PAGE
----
MANILA, Philippines -- The British Broadcasting Co. (BBC) has formally apologized for a comedy skit that stirred outrage for portraying a Filipina domestic helper gyrating in front of her British employers, the Department of Foreign Affairs (DFA) said Friday.
The apology is contained in a letter dated October 10, 2008 from BBC Director General Mark Thompson to Philippine Ambassador to the Court of St. James's Edgardo Espiritu.
The episode of the comedy Harry and Paul, initially shown on September 26 and replayed on BBC 2 on September 29 had members of the 200,000-strong Filipino community in the United Kingdom protesting the "insulting reference to Filipino women, typifying them in a dual role as domestic workers and sex toys of their British employers."
"Please accept my sincere apologies, on behalf of the BBC, for the offence that this program caused you," said the letter from Thompson, which the Philippine Embassy received only on October 20."
The BBC apology was written a week before Andrew Zane, chief executive of Harry and Paul producer Tiger Aspect Productions apologized to Filipino protesters who picketed the BBC office in White City, just outside central London, and Tiger Aspect in Soho in central London on October 17.
"We're sorry to anyone who was in any way offended by the program. This certainly was not our intention," Zane told the protesters.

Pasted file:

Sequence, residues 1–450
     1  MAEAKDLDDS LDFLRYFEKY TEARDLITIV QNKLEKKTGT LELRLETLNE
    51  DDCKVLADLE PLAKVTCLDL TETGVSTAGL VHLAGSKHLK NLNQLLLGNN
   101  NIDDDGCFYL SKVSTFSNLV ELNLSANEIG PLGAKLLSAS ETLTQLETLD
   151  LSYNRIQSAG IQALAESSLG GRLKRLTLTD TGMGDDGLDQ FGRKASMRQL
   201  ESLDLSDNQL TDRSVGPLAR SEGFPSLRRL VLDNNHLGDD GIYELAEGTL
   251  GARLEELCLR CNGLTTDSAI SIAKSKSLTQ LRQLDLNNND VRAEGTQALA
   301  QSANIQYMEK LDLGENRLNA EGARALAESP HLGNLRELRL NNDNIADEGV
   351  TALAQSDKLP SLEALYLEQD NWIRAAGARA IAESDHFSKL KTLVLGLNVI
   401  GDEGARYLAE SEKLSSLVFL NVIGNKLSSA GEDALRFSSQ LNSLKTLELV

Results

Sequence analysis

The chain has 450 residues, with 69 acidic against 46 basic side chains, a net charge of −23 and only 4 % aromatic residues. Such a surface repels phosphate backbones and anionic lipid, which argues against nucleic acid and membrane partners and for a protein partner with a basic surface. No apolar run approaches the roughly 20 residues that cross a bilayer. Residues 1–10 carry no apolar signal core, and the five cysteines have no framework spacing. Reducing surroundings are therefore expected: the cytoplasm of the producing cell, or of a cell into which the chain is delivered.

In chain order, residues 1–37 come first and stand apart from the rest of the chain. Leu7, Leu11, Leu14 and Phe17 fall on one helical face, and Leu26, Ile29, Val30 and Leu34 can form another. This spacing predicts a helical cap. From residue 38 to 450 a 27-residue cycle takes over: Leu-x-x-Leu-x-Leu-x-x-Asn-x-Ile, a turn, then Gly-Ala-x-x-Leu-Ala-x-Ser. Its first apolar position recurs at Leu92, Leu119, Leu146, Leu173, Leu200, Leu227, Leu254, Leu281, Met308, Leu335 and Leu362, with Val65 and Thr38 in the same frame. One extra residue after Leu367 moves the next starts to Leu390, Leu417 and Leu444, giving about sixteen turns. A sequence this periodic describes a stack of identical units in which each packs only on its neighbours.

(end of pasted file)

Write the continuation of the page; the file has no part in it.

Filipino community leaders also put up an online petition protesting the Harry and Paul episode that gathered more than 2,000 signatures in three days.
On October 3, Espiritu wrote BBC Trust chairman Sir Michael Lyons expressing his dismay over the Harry and Paul episode.
He also wrote a similar letter to the BBC Complaints Center, copy furnished Mark Pritchard, chairman of the All Party Parliamentary Group-Philippines and the United Kingdom Foreign and Commonwealth Office; Sir Trevor Phillips, head of the UK Equality and Human Rights Commission; the Office of Communications (OFCOM|), the independent regulator of the UK communications industries; Sir Christopher Meyer, head of the UK Press Complaints Commission; London Mayor Boris Johnson; and the Harriet Harman, UK Secretary of State for Women and Equality.